Librarianship has always been about finding and gaining access to books/information. The interesting twist today is the gaining access part, which involves navigating rights and permissions, as well as delivery options: both print (is there a printer?) and electronic (does the recipient even have the means to access an electronic version?).

The discussion in the NYTimes column (and others) focuses on universities and private schools, essentially ignoring that part of the population that is (a) less educated, (b) less affluent, (c) less technologically savvy, and (d) any combination of the above. My guesstimate, from experience and prior research, is that those categories make up a significant minority of the US population (maybe up to 40%), and likely always will.

So to the issue of accessibility, add disenfranchisement.  Where will the have-nots get what the haves are being taught to take for granted?  Those “pointless” vestiges of a prior era really aren’t so pointless after all.

Computer Classes for Libraries and others

I promised this long ago, so it’s way past time to get these posted.

Feel free to modify and reuse these.  They are provided under a Creative Commons Attribution, Non-commercial 3.0 license.  If you require other terms, leave a comment with your contact information, and I will get back to you.  Please note the powerpoint files are rather large (>4MB).

portablesoftware This is a powerpoint program covering Portable Software:  what it is, how to install it, where to get it, and how to use it.  There are two handouts that go with the program: Install Portable Software and Start Portable Apps Handout, both Open Document Text (.odt) documents.

eBooks and Audiobooks This is a powerpoint program I created for the Palm Beach County Library System, so there are still some vestiges within the show. The handouts for this were specific to that library, so I have not included them.  Contact me via the comment form below if you want them.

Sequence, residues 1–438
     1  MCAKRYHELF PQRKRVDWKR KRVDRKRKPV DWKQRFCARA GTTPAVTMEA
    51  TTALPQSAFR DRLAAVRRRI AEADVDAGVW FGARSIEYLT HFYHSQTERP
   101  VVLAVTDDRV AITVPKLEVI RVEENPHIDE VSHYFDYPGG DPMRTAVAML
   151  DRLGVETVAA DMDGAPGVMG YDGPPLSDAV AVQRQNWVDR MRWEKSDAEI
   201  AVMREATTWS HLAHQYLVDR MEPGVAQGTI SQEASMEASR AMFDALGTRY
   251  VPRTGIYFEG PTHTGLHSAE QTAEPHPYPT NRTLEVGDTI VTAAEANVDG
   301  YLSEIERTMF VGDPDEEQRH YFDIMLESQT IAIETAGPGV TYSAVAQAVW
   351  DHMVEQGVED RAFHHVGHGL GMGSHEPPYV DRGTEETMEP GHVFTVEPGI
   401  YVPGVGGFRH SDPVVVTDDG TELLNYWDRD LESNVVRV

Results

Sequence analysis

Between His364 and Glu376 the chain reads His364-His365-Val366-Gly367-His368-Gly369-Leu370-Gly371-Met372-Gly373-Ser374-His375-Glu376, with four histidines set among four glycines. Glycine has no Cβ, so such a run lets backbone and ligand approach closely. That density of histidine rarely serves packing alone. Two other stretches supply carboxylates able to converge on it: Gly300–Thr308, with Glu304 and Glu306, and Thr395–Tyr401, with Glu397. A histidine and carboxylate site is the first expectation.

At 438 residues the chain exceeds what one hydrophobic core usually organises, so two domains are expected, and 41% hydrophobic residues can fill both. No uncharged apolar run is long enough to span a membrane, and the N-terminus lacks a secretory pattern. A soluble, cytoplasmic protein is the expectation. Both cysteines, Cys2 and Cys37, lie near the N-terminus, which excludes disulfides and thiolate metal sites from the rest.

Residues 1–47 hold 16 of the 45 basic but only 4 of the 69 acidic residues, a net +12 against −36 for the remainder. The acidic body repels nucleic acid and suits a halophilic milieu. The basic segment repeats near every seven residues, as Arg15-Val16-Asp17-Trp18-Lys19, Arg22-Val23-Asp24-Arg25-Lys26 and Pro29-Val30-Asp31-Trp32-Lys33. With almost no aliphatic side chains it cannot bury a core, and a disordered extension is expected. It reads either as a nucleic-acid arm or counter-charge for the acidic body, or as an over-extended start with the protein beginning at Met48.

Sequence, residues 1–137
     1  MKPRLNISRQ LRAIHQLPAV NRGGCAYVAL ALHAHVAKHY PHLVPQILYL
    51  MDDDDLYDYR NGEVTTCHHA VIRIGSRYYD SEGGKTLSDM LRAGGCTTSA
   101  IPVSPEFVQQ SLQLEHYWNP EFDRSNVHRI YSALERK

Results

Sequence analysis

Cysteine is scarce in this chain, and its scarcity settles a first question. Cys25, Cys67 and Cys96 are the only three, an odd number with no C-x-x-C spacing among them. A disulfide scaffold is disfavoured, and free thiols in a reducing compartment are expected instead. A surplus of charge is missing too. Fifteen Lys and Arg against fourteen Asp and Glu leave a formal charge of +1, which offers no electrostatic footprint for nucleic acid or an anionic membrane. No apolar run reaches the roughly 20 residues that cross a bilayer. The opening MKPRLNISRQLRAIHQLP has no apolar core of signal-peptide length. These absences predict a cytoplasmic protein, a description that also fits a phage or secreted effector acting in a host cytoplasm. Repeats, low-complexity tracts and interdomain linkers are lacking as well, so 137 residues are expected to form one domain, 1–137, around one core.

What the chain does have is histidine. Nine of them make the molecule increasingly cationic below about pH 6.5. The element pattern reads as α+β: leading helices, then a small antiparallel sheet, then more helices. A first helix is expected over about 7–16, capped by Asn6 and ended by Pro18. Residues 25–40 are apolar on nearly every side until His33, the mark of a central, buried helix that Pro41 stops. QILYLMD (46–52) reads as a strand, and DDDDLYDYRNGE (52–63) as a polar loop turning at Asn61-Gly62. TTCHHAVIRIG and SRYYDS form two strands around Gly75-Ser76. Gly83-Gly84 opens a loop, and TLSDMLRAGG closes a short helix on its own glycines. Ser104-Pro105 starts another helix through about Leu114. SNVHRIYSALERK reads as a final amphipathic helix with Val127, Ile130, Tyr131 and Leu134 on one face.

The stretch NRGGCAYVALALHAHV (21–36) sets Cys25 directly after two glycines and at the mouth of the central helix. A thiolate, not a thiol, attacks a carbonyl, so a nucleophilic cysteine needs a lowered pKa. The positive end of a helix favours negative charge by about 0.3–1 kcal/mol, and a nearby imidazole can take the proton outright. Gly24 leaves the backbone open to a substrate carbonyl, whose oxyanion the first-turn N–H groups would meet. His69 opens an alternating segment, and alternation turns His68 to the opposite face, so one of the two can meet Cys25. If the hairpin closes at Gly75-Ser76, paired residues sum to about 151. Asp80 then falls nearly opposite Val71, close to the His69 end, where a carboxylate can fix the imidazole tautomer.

Beginning Internet This is a powerpoint program on Internet Basics for beginners.

I will post more as I get them cleaned up.

The perfect absurdity of it all

Patron:  Where is computer number 37?

Librarian:  Between numbers 19 and 21, of course!

But of course!  It made perfect sense to us because we weren’t thinking of the numbers as being sequential.  They were simply labels.  But the hapless patron had looked around and seen computers numbered in what seemed to be a sequential order, quickly scanned for numbers in the 30’s, and found 34, 35, 36, and no 37.  There was a reason computer number 37 was put where it is, which made sense at the time, and its location has just been accepted matter of factly by everyone working at the library.

But the quick exchange caught me unexpectedly and I laughed at the perfect absurdity of it.  People come into a library expecting things to be nicely ordered so they will be easy to find.  But in this case our nicely ordered system made no sense at all.  We won’t change it, of course.  Changing the computer numbers on the computers themselves and within the local network will never make it even to the bottom of the short list of things to fix here.  Besides, it looks perfectly normal to us – 37 has been between 19 and 21 for so long it’s practically ingrained in our vision.

So I wonder and ponder what else we do achieves that perfect absurdity, where the obvious eludes us, or it would take too much time or effort to change.

Libraries and Web 2.0